A reporter asked me if I was worried about possible price increases in all Kindle books from Macmillan publishers. And I said no â€” because most of the books I read on my Kindle are free!
And I’m not the only one…
Look at Amazon’s list of their best-selling Kindle books. Arthur Conan Doyle’s Adventures of Sherlock Holmes is actually in the top 10 â€” 120 years after it was published â€” and “Treasure Island” is #24. In the top 100 you’ll see Jules Verne, Oscar Wilde, Dostoyevsky and H.G. Wells â€” plus several books by Jane Austen and other classics. There’s also two books by Leo Tolstoy, the original “Little Women”, Bram Stoker’s “Dracula” and Mary Shelley’s “Frankenstein.”
And that’s just in the top 100! I’ve seen other classics with a sales rank just below that, so I know other Kindle owners are “buying” free books as well. The list of free books on my own Kindle fills up nearly three pages. Curious? Here’s a quick sample….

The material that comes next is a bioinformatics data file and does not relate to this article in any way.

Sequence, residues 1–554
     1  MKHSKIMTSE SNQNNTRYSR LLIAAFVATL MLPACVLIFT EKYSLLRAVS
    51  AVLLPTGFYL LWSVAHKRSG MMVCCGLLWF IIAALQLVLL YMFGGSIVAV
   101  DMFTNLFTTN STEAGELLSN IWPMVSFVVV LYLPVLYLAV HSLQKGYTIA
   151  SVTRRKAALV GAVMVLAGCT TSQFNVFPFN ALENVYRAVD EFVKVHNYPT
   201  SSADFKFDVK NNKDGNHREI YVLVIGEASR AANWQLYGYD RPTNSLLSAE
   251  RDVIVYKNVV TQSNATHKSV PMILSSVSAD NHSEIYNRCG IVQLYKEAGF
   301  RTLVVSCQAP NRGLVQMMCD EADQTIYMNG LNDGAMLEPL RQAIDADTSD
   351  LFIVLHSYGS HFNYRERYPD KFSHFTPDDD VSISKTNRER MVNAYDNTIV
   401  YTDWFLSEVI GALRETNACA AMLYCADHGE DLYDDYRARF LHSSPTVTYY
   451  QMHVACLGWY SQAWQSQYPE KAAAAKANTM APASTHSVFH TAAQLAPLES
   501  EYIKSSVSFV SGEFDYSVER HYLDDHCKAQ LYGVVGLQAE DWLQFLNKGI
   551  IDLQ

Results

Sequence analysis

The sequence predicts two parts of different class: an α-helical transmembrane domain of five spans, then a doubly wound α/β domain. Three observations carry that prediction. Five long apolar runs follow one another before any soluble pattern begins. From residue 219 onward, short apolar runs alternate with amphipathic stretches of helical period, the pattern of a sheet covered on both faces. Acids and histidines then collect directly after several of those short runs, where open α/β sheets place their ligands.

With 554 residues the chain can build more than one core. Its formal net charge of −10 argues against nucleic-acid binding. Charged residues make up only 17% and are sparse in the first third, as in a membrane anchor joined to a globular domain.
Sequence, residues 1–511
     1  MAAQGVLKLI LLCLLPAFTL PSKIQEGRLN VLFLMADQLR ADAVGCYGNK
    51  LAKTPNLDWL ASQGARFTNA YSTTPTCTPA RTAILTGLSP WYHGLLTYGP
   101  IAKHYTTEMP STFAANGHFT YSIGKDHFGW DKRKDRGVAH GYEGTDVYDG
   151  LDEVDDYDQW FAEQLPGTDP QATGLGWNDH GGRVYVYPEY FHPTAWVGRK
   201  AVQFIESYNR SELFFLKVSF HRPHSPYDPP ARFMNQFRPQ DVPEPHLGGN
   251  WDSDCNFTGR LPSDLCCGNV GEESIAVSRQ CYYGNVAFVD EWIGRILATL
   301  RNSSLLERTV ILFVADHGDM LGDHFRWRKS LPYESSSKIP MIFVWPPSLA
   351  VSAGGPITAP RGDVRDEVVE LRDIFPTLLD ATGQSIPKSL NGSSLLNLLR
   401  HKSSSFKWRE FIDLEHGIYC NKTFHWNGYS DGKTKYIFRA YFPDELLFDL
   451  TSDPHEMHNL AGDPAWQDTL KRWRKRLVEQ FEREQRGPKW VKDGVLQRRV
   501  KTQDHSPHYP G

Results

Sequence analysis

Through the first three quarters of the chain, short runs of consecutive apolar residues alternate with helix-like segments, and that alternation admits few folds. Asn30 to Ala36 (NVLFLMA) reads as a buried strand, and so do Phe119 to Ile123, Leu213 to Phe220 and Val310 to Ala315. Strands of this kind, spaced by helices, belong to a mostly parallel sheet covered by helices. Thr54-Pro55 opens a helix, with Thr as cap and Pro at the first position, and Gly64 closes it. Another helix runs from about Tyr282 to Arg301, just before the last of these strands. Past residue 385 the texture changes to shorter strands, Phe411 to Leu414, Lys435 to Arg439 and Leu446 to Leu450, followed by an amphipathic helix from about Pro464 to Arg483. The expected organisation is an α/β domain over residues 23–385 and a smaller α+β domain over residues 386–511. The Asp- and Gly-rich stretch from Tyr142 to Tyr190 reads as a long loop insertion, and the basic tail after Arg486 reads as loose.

Around the World in 80 Days by Jules Verne
The Deerslayer by James Fenimore Cooper
The Story of a Mine (by Bret Harte)
The Red House Mystery by A. A. Milne
The Autobiography of Ben Franklin
A Short History of the United States (a classic history text)
Two Years Before the Mast by Henry Dana
Maybe it’s the dirty secret about the popularity of digital readers. A traditional bookstore will still charge you for a hard copy of a classic. But on digital readers, they’re all free. And (judging from Amazon’s best-seller list) the classics are already extremely popular.
Now I’ll admit I don’t know how popular the classics were before, in print editions. But they’ve got to be even more attractive when they’re absolutely cost-free. I’d already started to think that digital readers will change reading as a pastime. But one of the surprising results may also be an increased popularity in the classics!